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Article: Healed injuries, ontogeny and scleritome construction in a Late Ordovician machaeridian (Annelida, Aphroditiformia)

Papers in Palaeontology - Volume 9 - Cover
Publication: Papers in Palaeontology
Volume: 9
Part: 4
Publication Date: 2023
Article number: e1520
Author(s): Luke A. Parry, Gregory D. Edgecombe, Jana Bruthansová, and Jakob Vinther
DOI: 10.1002/spp2.1520
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PARRY, L.A., EDGECOMBE, G.D., BRUTHANSOVá, J., VINTHER, J. 2023. Healed injuries, ontogeny and scleritome construction in a Late Ordovician machaeridian (Annelida, Aphroditiformia). Papers in Palaeontology, 9, 4, e1520. DOI:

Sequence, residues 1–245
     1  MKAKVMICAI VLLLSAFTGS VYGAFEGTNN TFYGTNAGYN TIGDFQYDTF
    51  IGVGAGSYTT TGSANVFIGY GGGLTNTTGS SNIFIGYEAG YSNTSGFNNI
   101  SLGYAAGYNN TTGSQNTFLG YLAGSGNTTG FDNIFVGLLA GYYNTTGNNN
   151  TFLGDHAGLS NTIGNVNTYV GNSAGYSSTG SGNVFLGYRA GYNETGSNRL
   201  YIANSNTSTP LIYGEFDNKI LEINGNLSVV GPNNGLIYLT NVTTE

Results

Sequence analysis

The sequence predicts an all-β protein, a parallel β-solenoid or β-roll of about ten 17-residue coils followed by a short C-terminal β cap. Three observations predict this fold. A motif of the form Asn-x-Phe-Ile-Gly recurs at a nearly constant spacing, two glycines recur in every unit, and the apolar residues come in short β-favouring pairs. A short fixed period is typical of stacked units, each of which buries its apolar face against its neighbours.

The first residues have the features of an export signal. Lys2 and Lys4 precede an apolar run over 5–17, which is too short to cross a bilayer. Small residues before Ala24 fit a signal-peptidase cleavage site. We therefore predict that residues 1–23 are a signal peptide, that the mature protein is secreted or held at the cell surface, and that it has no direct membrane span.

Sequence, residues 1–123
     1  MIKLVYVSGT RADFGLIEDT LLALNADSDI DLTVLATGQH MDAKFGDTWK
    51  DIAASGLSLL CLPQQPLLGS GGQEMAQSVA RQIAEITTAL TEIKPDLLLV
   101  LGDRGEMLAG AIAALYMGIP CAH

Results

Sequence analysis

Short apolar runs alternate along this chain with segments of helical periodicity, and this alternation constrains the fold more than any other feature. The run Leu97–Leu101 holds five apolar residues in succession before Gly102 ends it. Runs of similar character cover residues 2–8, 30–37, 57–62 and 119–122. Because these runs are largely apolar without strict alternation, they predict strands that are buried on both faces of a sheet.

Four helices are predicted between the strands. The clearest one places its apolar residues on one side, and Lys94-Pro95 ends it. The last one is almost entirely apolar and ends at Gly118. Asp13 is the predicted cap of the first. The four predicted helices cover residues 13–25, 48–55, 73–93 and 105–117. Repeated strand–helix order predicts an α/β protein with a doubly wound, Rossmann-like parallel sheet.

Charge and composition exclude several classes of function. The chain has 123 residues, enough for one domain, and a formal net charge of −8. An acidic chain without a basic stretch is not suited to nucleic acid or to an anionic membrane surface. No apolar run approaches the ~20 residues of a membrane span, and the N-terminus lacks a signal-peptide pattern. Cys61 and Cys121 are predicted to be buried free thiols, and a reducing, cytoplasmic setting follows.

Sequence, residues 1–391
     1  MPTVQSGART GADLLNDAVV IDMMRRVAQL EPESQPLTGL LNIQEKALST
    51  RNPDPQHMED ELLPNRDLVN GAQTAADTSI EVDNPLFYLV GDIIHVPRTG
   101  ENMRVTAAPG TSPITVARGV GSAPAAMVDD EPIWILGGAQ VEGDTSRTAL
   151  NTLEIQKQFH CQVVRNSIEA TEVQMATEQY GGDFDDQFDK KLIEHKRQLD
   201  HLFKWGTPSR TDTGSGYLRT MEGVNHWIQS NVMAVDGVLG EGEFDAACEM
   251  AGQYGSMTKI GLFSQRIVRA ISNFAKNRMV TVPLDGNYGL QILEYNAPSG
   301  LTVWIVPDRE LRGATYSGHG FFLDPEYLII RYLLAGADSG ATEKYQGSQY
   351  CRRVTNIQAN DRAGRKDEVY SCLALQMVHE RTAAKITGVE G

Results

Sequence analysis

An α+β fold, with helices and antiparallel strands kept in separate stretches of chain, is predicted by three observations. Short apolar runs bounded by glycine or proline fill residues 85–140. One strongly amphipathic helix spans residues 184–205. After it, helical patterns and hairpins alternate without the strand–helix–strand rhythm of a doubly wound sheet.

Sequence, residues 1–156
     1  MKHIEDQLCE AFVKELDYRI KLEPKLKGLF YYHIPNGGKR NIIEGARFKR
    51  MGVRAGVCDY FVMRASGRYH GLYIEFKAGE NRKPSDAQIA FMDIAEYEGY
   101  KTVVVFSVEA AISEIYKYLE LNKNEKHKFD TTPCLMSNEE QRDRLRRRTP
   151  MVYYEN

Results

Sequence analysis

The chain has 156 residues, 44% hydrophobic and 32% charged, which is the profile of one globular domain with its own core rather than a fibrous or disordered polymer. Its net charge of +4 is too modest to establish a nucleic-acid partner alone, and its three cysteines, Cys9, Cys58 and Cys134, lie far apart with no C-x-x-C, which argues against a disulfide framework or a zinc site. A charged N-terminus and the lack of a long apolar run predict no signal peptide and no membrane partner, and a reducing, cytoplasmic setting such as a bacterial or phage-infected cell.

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Abstract Machaeridians are armoured annelids that were morphologically diverse during the Palaeozoic. The scleritome developed from fleshy protrusions at the base of each parapodium, with alternating segments giving rise to differentiated inner and outer shell plates. The elytra-like anatomy of the shell-bearing soft tissues and distinctive jaw apparatus support an affinity of machaeridians with aphroditacean scaleworms. While frequently found as disarticulated remains, whole scleritomes of machaeridians are rare. Only a few species are represented by multiple articulated individuals, rendering many aspects of our knowledge of scleritome construction and growth uncertain. Here we describe a collection of articulated scleritomes of the plumulitid machaeridian Plumulites tafennaensis Chauvel from the Upper Ordovician (Katian) Upper Tiouririne Formation of Morocco that includes individuals representing both adult and juvenile stages. These scleritomes shed light on the morphology of the anterior region in plumulitids and show an increase in the number of shell plates with increasing size, suggesting that unlike some derived lepidocoleids, at least some plumulitids added segments repeatedly during ontogeny. Shell plates with a distinctive umbo have previously been assigned exclusively to the anterior region, but our material shows that they are present along the scleritome, with corresponding sclerites on the opposite side of the skeleton showing normal morphologies. We suggest that these plates are abnormal and best explained as healed injuries, replacing plates that had been previously removed from the body, demonstrating the capacity for machaeridians to regenerate lost body parts, a feature that is widespread in living annelids.
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